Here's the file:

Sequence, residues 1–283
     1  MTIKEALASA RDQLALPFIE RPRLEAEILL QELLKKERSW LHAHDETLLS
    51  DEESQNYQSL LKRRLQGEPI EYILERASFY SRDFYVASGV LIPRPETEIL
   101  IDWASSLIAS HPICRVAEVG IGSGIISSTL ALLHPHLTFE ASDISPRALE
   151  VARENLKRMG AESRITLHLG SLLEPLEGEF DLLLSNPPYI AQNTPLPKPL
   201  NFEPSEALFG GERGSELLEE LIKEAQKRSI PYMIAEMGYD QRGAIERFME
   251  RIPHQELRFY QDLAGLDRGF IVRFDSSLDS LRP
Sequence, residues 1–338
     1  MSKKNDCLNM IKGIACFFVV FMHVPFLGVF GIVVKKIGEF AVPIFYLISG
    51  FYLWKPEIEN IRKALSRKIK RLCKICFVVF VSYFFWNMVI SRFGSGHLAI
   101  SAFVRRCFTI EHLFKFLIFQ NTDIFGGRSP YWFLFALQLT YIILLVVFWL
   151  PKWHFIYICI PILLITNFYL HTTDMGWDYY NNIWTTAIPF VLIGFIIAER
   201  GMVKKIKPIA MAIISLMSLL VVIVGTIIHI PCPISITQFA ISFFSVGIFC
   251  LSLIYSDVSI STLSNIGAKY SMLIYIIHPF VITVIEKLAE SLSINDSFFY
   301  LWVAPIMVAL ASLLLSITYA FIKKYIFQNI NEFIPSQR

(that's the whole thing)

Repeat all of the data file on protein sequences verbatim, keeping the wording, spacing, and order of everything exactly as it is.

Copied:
Sequence, residues 1–283
     1  MTIKEALASA RDQLALPFIE RPRLEAEILL QELLKKERSW LHAHDETLLS
    51  DEESQNYQSL LKRRLQGEPI EYILERASFY SRDFYVASGV LIPRPETEIL
   101  IDWASSLIAS HPICRVAEVG IGSGIISSTL ALLHPHLTFE ASDISPRALE
   151  VARENLKRMG AESRITLHLG SLLEPLEGEF DLLLSNPPYI AQNTPLPKPL
   201  NFEPSEALFG GERGSELLEE LIKEAQKRSI PYMIAEMGYD QRGAIERFME
   251  RIPHQELRFY QDLAGLDRGF IVRFDSSLDS LRP
Sequence, residues 1–338
     1  MSKKNDCLNM IKGIACFFVV FMHVPFLGVF GIVVKKIGEF AVPIFYLISG
    51  FYLWKPEIEN IRKALSRKIK RLCKICFVVF VSYFFWNMVI SRFGSGHLAI
   101  SAFVRRCFTI EHLFKFLIFQ NTDIFGGRSP YWFLFALQLT YIILLVVFWL
   151  PKWHFIYICI PILLITNFYL HTTDMGWDYY NNIWTTAIPF VLIGFIIAER
   201  GMVKKIKPIA MAIISLMSLL VVIVGTIIHI PCPISITQFA ISFFSVGIFC
   251  LSLIYSDVSI STLSNIGAKY SMLIYIIHPF VITVIEKLAE SLSINDSFFY
   301  LWVAPIMVAL ASLLLSITYA FIKKYIFQNI NEFIPSQR